Panama -The Best Opportunity for Aquaculture Investment

Lucy Towers
21 September 2016, at 1:00am

PANAMA - The time is right for Panama to engage new technology and be at the forefront of the aquaculture industry. There are many reasons to consider aquaculture investment in Panama with the right opportunity.

Size and species selection is paramount and the first consideration in profit potential that can help a potential investor exclude obvious pitfalls endured by failing companies.

For example, tilapia is not a very profitable option in the future for aquaculture investment. Tilapia is the second most widely grown fish in the world. It requires little skill to grow, it is incredibly easy to reproduce, hard to kill from disease and poor management and regrettably has a low dress out weight of just 30 per cent.

This last point is crucial when considering the profit potential of other species that are 60 per cent fillet by weight. Considering these facts tilapia is unlikely to be the species of choice for the savvy investor.

Large shrimp are a much better option.

Competing with commodity products from Asia is not possible and so the market advantage needs to be discovered in something that can't be grown by your competitors. Taking advantage of the all year growing season, zero water exchange systems under structure can grow larger shrimp all year in any inland location up to 600 meters in elevation.

Location, Location, Location

Shrimp is the second largest trade deficit in the United States ($4 billion), and yet intensive shrimp production cannot be profitable in the US due to the high cost of land, labor, feed and electricity.

In addition, another preventative variable for intensive shrimp production in the US is the need for heat for 6 months out of the year as shrimp in aquaculture are tropical, and the US has temperate climate.

Any doubt to these statements can be extinguished with the development of a proper business plan, with a special note to unrealistic expected returns due to an incredibly high expected market price from a commodity size shrimp.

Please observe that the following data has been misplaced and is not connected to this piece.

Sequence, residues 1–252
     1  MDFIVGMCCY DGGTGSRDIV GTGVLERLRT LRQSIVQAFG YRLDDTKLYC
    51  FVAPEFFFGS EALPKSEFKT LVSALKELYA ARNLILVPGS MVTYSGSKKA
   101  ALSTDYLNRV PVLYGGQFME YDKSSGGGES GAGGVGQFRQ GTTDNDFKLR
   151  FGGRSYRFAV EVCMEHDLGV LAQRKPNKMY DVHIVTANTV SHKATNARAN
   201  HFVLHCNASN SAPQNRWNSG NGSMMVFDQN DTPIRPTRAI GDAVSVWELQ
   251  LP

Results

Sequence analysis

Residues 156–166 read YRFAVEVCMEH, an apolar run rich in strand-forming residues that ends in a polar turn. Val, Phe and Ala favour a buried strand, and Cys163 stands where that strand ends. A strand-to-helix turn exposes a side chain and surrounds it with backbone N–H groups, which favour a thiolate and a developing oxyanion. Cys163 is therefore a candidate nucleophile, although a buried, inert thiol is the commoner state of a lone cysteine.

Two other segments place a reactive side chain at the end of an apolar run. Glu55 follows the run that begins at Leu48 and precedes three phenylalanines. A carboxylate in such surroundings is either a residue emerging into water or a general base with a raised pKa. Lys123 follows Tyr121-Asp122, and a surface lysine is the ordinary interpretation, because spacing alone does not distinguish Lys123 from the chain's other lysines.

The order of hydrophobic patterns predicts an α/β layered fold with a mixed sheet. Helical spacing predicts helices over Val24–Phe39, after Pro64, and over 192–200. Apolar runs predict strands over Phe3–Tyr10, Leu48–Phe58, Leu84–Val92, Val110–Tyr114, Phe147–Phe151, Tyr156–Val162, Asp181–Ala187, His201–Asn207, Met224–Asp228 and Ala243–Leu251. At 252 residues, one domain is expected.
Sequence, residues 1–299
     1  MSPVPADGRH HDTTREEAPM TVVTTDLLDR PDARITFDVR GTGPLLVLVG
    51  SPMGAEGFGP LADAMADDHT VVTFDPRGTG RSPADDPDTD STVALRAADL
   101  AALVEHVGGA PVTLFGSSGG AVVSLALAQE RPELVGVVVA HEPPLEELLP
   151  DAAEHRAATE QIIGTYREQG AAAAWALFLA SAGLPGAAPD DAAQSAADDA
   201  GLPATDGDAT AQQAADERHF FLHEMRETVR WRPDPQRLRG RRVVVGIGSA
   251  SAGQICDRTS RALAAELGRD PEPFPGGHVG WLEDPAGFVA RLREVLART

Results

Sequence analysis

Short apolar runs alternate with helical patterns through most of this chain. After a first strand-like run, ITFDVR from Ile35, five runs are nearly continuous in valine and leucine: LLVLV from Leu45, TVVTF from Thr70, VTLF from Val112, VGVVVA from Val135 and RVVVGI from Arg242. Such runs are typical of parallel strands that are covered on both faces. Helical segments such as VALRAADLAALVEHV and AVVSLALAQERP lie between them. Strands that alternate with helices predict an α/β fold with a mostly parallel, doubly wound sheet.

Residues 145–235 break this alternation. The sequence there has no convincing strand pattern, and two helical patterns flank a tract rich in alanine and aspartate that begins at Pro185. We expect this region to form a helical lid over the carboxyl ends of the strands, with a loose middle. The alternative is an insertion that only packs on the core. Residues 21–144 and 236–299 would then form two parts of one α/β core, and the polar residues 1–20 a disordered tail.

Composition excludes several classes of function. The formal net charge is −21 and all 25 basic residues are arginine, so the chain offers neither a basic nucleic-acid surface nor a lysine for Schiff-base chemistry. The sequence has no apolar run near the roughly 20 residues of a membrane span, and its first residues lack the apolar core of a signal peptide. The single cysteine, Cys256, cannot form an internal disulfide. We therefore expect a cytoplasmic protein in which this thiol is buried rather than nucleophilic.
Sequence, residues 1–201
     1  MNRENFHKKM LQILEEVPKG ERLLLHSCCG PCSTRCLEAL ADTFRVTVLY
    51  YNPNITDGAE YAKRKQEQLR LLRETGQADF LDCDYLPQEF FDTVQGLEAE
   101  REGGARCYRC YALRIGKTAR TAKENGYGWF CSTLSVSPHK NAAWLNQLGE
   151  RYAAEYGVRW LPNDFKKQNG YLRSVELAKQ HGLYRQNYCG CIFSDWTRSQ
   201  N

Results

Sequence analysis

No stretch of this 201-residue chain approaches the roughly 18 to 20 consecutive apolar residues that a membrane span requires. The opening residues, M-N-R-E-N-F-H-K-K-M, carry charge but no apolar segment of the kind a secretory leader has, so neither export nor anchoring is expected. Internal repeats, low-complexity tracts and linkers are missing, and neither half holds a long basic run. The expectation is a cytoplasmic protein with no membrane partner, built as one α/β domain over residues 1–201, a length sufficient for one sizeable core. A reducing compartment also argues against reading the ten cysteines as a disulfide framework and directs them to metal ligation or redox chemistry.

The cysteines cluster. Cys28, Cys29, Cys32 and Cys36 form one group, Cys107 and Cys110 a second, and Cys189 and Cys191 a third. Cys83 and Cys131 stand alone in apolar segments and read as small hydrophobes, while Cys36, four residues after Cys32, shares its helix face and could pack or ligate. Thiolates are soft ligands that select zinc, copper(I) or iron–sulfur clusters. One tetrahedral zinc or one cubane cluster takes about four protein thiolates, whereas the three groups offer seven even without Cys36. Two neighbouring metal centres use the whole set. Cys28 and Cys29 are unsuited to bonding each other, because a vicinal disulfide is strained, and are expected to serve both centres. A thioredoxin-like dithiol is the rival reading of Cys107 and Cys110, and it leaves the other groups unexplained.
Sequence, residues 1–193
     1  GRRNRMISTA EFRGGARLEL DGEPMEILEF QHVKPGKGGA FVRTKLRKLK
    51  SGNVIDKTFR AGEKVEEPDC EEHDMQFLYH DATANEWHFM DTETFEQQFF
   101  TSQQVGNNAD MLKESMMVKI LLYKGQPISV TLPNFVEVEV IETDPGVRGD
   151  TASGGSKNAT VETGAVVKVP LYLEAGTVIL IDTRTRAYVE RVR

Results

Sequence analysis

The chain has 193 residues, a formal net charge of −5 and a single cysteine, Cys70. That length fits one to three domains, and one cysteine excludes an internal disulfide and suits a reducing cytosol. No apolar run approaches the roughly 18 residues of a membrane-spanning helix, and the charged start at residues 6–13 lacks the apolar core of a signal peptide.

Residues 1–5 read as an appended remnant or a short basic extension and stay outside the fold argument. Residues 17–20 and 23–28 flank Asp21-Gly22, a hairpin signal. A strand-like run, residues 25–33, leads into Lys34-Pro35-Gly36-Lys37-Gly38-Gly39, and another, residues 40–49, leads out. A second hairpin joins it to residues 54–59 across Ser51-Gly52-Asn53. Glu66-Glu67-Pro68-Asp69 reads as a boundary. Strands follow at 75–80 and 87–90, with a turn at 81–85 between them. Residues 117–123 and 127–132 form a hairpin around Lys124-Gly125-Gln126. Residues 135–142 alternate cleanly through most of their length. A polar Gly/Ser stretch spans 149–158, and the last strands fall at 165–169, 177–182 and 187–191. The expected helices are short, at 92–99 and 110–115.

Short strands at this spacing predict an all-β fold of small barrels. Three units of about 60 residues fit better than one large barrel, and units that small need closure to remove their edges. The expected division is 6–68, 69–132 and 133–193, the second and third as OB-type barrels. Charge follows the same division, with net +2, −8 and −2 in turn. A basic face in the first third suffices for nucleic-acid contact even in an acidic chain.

Panama has an established aquaculture infrastructure, with excellent feed pellet manufacturing, established hatchery infrastructure and proven processing capabilities with buyers in the high profile market countries of the US, Europe and Japan.

With labour, land and seed at 1/5 of the cost in the US and feed at 1/2 the cost, an idea profitability can begin to form.

Panama is out of the hurricane belt. Hurricanes cost the aquaculture industry in Latin America over $50 million in the past 25 years.

Panama has more than adequate rainfall to replace evaporation in zero water exchange systems. No open pond shrimp aquaculture system can produce all year like zero water exchange systems in Panama.

Monsoons of Asia, dry seasons and drought in nearly every country throughout the world, intense rainy seasons like that of Latin America during October, prevent continuous production in outdoor shrimp ponds, leading to shorter growing seasons and smaller shrimp.

Panama is also politically stable, with 2/3 of all the goods in the world transferred through the Panama Canal, this country has a track of dependable longevity. This small but quickly developing country has the fastest growing economy in Latin America with the best developed infrastructure. Panama has only 3.5 million people and the greatest amount of ocean front property per land area of any country in the world.


Open air ponds are used in 99 per cent of the current shrimp aquaculture industry. This paradigm is a looser at best with Asia, the industry leader, claiming a $US 20 billion loss due to disease during the last decade, resulting in 50 per cent reduction in production.

Open air ponds require water exchange to maintain water quality which is the main avenue for disease transfer and so the avoidance of pathogen introduction is difficult. The constant threat and presence of disease is responsible for early harvests of small shrimp to prevent further losses.

Determination of product origin technology is increasing and will be used to a much greater advantage than what is used now to reject disease and contaminated shrimp shipments.

Currently, the US inspects less than 2 per cent of all seafood imports. Approximately 1/5 of all seafood imports rejected tested positive for salmonella during the period of 2003-2006.

Panama is a closed aquaculture country that does not import any shrimp or shrimp products. It is fully Specific Pathogen Free and has been disease free for 20 years.

So why hasn't Panama made the shift in paradigm already?

Shifts in paradigm require confidence, knowledge, wisdom and courage. This translates into an ability to understand, incorporate and develop a new technology requiring due diligence and commitment on the part of the investor. But all shifts in paradigm require the same.

Consider this -